A huge crowd of singing and dancing worshippers turned out to attend a papal mass in the Democratic Republic of the Congo (DRC) on Wednesday, the second day of Pope Francis’s visit to the country.
Wednesday’s Mass was tipped to be one of Pope Francis’ largest-ever Masses with around a million attendees in Democratic Republic of Congo’s capital, second only to one held in the Philippines in 2015, according to Christopher Lamb, the Rome correspondent of the Catholic magazine The Tablet.
People flocked to the tarmac of Kinshasa’s N’Dolo Airport for the open-air mass, which began at 9:30am (08:30 GMT). An estimated one million Congolese poured into Kinshasa’s N’Dolo Airport for Pope Francis’s first big mass on his latest trip to Africa.
Many of the faithful in the megacity of some 15 million people began to arrive at the airport on Tuesday night to assure themselves a spot.
As crowds poured into the airport under a bright sun and heavy security, 700 choir singers rehearsed in a festive atmosphere, while worshippers danced and waved flags.
The 86-year-old pontiff had arrived in the DRC on Tuesday on the first leg of a six-day trip to Africa that will also include South Sudan.
Huge crowds also thronged the streets for a glimpse of the Pope mobile as Francis drove past.
A former Belgian colony the size of continental Western Europe, the DRC is Africa’s most Catholic country. Official Vatican statistics put the proportion of Catholics in the DRC at 49 percent of the population.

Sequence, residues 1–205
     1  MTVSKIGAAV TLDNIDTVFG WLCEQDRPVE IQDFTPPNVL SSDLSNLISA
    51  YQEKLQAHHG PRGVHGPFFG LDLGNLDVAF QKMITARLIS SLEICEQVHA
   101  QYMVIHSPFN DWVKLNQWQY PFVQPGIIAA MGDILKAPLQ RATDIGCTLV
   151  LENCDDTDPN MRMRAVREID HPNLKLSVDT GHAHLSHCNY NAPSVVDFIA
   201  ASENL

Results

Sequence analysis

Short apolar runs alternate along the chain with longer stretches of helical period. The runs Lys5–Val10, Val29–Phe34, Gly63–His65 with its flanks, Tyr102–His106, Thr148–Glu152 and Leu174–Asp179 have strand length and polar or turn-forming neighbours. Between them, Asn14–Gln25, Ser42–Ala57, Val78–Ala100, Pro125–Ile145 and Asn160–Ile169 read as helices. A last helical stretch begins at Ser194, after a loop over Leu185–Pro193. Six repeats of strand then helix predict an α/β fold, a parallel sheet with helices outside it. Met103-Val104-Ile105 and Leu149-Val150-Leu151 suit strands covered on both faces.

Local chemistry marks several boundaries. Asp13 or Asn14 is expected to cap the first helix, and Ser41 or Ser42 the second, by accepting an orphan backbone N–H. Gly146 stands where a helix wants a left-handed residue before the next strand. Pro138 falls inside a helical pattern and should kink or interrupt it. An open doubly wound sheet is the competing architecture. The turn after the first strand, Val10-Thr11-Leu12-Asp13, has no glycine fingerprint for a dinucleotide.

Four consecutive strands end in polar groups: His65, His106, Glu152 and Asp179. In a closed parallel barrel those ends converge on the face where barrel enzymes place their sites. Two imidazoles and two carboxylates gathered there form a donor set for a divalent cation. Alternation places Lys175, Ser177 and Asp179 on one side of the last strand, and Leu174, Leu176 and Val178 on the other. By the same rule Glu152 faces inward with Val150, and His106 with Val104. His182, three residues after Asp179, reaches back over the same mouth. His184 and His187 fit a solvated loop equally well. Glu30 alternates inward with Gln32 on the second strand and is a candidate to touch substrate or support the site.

During a speech to politicians and dignitaries in Kinshasa’s presidential palace on Tuesday, Francis denounced the “economic colonialism” he suggested had wreaked lasting damage in the DRC.
“This country, massively plundered, has not benefitted adequately from its immense resources, Hands off the Democratic Republic of the Congo! Hands off Africa! Stop choking Africa, it is not a mine to be stripped or a terrain to be plundered,” he said, to applause.
Despite abundant mineral reserves, the DRC is one of the poorest countries in the world. About two-thirds of Congolese people live on less than $2 a day, according to the World Bank.
The DRC’s turbulent east has long been plagued by dozens of armed groups. Since late 2021, M23 rebels have also captured swaths of territory in the eastern North Kivu province, coming close to its capital Goma.
On Tuesday, the Pope met President Félix Tshisekedi and delivered a speech condemning historical exploitation of Africa’s resources, which he described as “economic colonialism”
The trip to DRC and South Sudan had originally been planned for July 2022, but it was postponed due to the pontiff’s knee pain that has forced him in recent months to use a wheelchair.
On Friday, the pope travels to South Sudan’s capital Juba.
The current foreign papal visit is Francis’s 40th since being elected in 2013.
Source: Aljazera and BBC Africa